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I would not even begin to consider the possibility of even considering this. In fact, I'd go so far as to say you should re-consider having considered it in the first place. If you want to drive a CNG vehicle, find a used one for sale on craigslist and drive it daily. Keep the miles off of your jeep and drive your jeep on weekends, road trips, nice days, whatever.
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Old 07-11-2013, 01:52 AM   #11
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Some of these responses are pretty amusing.

Anyway, my brother-in-law has taken classes for CNG conversions and is now opening a business that specializes in it for our area. Probably the only one anywhere near here. I suspect I will have my JKU converted to bi-fuel (gas / CNG) in the near future. We have a local refueling station.

I'd be interested in hearing from others who are doing this, or are considering doing it. If your entire response is nothing more than why you think it's not worth it or why it shouldn't be done, do some more homework, lol. The benefits in a real world scenario are pretty good.
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Old 07-11-2013, 02:13 AM   #12
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I would not even begin to consider the possibility of even considering this. In fact, I'd go so far as to say you should re-consider having considered it in the first place. If you want to drive a CNG vehicle, find a used one for sale on craigslist and drive it daily. Keep the miles off of your jeep and drive your jeep on weekends, road trips, nice days, whatever.
I'm with you on this one. I work on NG engines all day every day and would NEVER consider the possibility of considering this conversion!
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Old 07-13-2013, 03:40 PM   #13
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There is nothing intrinsically unsafe or that much different in running CNG versus gasoline. It's been done tens of thousands of times in conversions that are racking up millions of miles. You don't want to do it to your rig and like paying twice as much for fuel and sending that money over to the middle east, that is your right and I respect that. My brother in law has been certified for doing CNG conversions and is currently doing it on his Ford Raptor, so I guess he is pretty confident in the systems and the stock components in handling CNG versus gas.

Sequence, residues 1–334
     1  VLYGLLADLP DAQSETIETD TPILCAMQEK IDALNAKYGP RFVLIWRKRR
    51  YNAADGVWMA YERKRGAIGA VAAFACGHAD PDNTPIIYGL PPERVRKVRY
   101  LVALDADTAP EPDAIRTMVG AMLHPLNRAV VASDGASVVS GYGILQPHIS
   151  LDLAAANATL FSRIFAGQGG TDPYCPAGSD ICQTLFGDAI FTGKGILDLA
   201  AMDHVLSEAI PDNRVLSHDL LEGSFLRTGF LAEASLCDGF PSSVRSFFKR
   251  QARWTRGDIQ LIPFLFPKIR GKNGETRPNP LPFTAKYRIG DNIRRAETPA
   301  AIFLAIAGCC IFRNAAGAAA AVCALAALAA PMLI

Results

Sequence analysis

It's not rocket science, I'm more interested in hearing from people who have real world experience than people who don't want to do it. I'm not looking for justification or support in my decision on what I do with my rig. Like it or not CNG is the only true viable alternative fuel and it's American sourced so I think it will be a big deal in the not too distant future.
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Old 12-25-2013, 01:37 PM   #14
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It's not rocket science.
Reviving an old thread . . . Has anyone gone ahead and done this? I found one thread on a CNG site with a tank in the back and a cng range of 120 miles. It retained the petrol system and could switch between them. However it was problematic. That was 2011 though and conversions may have improved since then.

http://www.cngchat.com/forum/showthr...sic-new-to-CNG

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Old 07-10-2014, 02:09 PM   #15
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Just to let everyone know, I took the plunge and I guess I am the Guinea Pig on the first 2014 wrangler with CNG. I already owned a E-350 that is a dedicated CNG van, so it wasn't a big jump for me to try it on my daily driver. I have about 2000 miles on the jeep so far with CNG and so far, so good. I had a great, knowledgeable company (Mach Fuels in Chattanooga,Tn) do the conversion and they are very interested in the data as well since this is a new engine design, and unchartered territory for CNG. CNG seems to change the shift points, but other than that, no difference in driving the Jeep at all. I seem to get about the same or maybe slightly less MPG around town and for sure ONE MPG BETTER on the highway than on regular gasoline. Our local utility district recently installed a filling station so that was huge in my decision to do the Jeep, plus we can buy CNG for $1.98 GGE (Gallon Gas Equivalent). So, depending on the day you look at gas prices, I am generally buying CNG for about $1.40-$1.50 less that standard gas.
This is not a cheap conversion, my guess is I need to drive the Jeep about 65K miles to recover the investment of converting before I see any real savings in my pocket. However that number can vary depending on where you live with some states having tax incentives, etc to do conversions. Here in Tennessee we don't see those at all at this point.
Planning a trip is a bit more than just stopping at any exit for fuel. We did a 1600 mile trip last week from Pigeon Forge, Tn, to Siesta Key,Fl and back. My range (10GGE) is about 180 we think (figuring 21mpg highway and probably 8.6 usuable fuel volume). We had two segments that were 179 and 177 miles each, so there was a question as to if we would have to switch back to gasoline, but we made it fine and did the entire trip on CNG. Prices varied from $2.59 (atlanta) to $2.49 (Athens,Tn) to all other stops at $2.35. Remember, in Florida and Georgia, regular gas ran anywhere from $3.39 to $3.89, depending on where we were at.
Anyway, I am very happy so far with the performance and mileage of the conversion and while I am certainly no TREE HUGGER, it is nice to buy fuel cheaper and know I am "driving green" in something other than a prius.
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Old 07-10-2014, 02:48 PM   #16
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Guy at the local uhaul store told me he has cars that fill up there.

Dual fuel with a "phil" station in your garage would be nice OR

Converting a diesel to run on fry oil.